Solar system design software
Let’s start with the obvious: No software solution can guarantee that you’ll meet production guarantees.
Solar design software can, however, help you get started on the right foot. After all, the first prereq of meeting solar production guarantees is accurately designing the system in the first place. If you design a 5kW system and make a PG against that number, but your layout doesn’t correctly account for shading, or the exact angle of the sun, you’re in the hole before a panel ever hits the roof.
Let’s look at some features that help.
Bankable shade reports
Shading is the bane of any solar installation. Shade from nearby obstructions can affect performance, so it’s important that you can model panel shading as accurately as possible. Software that offers bankable reports that have been validated by NREL and other authorities is the best bet for making sure the shade analysis for any site is accurate.
HD Imagery & LIDAR
Remote site design saves time and money. Full stop. To make sure those designs are as accurate as possible, however, you need the clearest possible images of the site, including roof features and obstructions.
Thankfully, most solar software now offers HD imagery, but to help meet those PGs, there’s one more level to look at: the HD package has to be updated regularly and hyper-accurate. For these reasons, software that has multiple image sources, like Google HD and NearMap, is the best bet.
LIDAR also adds to the accuracy of designs by providing pinpoint, 3-dimensional information about a site, including building and tree heights, other obstructions, and even roof slopes. A solution that has both LIDAR and HD imagery helps you produce accurate power estimates, without ever getting up on a roof.
Accurate irradiance mapping
Irradiance and performance simulations help test your designs against real-world data. Irradiance maps, in particular, show where on the roof gets the most sun, and can identify how obstructions and the specifics of a roof will affect how much light the panels get.
Software that lets you easily update your simulations can help you identify the ideal amount of panels for a project, and translate that into accurate power production potential estimates. It also helps consultants easily explain to homeowners why they’re placing panels in certain areas for maximum energy output, and not in others.
On-demand modeling services
A big part of using production guarantees is to help you sell. And a big part of selling is making sure the customer understands exactly what they’re getting.
Even the best solar designers can use a hand. Whether it’s a particularly complicated project, or your business is too busy to quickly turn around accurate designs, or you want your designers to be able to help out more with all aspects of a proposal, or any number of other reasons, sometimes you need some help.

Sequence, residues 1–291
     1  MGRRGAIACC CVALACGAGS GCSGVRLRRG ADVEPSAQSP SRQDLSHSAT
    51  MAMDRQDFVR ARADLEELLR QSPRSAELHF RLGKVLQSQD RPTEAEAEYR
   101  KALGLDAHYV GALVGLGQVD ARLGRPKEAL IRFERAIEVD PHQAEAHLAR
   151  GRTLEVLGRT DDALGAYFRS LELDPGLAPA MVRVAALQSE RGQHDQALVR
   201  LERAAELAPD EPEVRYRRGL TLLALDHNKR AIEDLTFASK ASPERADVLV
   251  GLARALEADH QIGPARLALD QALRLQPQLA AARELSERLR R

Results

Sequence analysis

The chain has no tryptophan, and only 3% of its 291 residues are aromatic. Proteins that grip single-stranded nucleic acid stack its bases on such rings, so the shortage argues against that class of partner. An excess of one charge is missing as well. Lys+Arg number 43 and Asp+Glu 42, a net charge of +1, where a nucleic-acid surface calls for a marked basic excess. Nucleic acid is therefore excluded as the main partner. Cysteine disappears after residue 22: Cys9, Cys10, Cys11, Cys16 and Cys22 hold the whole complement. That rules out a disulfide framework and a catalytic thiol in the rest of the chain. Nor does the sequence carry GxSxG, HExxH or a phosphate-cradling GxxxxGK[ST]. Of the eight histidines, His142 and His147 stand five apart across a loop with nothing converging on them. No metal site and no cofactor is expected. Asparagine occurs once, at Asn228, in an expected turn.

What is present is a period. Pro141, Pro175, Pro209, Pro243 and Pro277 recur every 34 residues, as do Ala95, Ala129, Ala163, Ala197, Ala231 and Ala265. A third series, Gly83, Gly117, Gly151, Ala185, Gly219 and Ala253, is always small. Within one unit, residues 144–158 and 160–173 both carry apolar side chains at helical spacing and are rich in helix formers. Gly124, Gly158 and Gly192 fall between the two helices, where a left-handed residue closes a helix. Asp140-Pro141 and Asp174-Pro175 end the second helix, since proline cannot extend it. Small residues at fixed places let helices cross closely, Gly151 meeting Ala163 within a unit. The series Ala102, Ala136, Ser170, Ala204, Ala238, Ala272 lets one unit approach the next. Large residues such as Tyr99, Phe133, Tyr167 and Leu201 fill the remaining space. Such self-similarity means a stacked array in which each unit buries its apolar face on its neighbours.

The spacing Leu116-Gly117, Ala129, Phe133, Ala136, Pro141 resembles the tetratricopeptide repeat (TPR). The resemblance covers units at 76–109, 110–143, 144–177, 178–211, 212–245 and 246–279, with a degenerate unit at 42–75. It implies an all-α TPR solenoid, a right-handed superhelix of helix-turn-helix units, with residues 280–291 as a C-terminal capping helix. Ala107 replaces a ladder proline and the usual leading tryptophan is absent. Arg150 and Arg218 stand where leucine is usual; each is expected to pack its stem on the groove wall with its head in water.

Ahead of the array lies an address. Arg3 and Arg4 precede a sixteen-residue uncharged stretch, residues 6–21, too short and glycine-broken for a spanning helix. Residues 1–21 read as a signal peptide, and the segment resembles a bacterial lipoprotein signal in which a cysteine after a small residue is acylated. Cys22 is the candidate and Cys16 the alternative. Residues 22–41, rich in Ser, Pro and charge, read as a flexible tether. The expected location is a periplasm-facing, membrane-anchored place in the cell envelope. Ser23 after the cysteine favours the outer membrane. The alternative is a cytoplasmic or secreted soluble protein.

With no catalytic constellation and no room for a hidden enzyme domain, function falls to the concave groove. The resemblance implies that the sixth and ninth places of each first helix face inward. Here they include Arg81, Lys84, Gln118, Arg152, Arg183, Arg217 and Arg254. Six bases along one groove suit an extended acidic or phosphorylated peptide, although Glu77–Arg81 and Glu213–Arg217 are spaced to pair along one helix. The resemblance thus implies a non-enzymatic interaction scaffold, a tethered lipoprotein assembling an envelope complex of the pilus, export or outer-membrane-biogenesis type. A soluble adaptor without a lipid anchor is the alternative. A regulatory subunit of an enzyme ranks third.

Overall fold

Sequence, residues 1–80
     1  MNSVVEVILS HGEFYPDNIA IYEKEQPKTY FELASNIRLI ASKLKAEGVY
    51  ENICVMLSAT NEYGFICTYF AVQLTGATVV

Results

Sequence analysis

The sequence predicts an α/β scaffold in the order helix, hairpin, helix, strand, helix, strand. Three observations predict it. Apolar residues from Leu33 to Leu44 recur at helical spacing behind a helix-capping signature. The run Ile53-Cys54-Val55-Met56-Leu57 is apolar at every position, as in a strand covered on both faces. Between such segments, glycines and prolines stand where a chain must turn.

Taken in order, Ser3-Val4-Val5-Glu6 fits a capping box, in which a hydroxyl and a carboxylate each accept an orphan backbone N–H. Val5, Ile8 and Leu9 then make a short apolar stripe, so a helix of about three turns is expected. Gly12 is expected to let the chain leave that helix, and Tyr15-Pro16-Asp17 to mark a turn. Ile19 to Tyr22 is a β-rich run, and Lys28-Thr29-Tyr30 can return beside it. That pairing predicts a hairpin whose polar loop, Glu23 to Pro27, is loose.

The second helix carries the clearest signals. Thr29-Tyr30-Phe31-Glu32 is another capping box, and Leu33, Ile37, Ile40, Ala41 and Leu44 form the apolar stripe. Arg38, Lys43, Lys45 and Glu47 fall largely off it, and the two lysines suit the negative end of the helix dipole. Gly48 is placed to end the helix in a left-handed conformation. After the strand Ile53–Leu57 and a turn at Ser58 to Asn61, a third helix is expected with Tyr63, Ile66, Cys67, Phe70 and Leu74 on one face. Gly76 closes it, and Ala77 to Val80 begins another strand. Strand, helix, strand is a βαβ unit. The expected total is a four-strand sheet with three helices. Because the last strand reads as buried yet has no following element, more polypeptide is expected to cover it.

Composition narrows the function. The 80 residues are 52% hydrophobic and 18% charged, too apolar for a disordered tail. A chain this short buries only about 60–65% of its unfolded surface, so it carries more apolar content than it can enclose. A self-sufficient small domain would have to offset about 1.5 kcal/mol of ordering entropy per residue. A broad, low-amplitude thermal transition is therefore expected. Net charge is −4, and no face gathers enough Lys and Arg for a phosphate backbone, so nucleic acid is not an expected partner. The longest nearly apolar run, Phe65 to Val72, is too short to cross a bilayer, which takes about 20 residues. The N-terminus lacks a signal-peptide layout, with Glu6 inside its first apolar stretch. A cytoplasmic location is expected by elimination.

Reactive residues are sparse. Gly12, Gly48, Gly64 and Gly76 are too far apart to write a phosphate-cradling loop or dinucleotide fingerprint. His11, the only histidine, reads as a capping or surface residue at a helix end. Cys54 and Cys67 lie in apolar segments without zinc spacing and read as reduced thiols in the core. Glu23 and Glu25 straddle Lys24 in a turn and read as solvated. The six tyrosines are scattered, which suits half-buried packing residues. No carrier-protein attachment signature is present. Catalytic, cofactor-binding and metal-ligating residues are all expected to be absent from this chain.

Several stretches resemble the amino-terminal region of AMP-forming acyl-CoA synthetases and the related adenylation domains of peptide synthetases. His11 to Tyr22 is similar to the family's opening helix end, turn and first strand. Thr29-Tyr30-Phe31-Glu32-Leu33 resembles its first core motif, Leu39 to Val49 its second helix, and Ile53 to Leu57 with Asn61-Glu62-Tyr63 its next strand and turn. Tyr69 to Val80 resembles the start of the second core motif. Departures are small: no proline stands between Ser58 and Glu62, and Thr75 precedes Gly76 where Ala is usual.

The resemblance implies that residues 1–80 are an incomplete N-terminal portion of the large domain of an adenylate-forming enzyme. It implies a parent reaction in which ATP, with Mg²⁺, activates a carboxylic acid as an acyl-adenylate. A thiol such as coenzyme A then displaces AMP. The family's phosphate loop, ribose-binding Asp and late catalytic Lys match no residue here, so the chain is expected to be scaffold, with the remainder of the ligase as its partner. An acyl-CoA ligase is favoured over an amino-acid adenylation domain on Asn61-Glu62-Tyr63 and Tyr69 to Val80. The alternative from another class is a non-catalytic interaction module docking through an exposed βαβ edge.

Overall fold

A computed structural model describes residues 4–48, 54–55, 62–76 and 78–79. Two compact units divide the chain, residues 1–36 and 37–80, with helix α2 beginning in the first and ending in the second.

On-demand design services, like Aurora’s 3D Modeling Service (3DMS), can help you deliver dead-on accurate 3-dimensional models in less than three hours — with an average time of about an hour (contact us to see about plans that guarantee 30-minute turnaround times). You send the specs, one of Aurora’s designers takes on the project, and a 3-D model comes back that’s ready to go. And since experts create the models, you can feel confident that they’ll be accurate.
For more information on important solar software features, check out our Big Book of Solar Software Must-Haves.
A note on weather
To be extra careful with your production guarantees, consider consulting historical weather data for variances. The weather data used for simulations in Aurora is a Typical Meteorological Year (TMY) format, meaning that it represents an average year. While areas with steady climates may not vary too much year-to-year from that average value, some regions can see substantial dips in production in years with more storms or clouds.
You may also want to have a disaster clause to handle disruptive global events like the 1991 eruption of Mount Pinatubo, which is estimated to have blocked 10% of the sunlight for the year.
Factors that can affect system performance IRL
You know this, but let’s put it out there: Your job isn’t done when the system is installed. While an accurately designed, properly installed system is crucial, that’s just the start of potentially 25+ years of power generation. Every site has its own personality and unique issues, so you can’t overlook system maintenance. In our series on PV system losses, we identified a few common categories that can cause a system to underperform: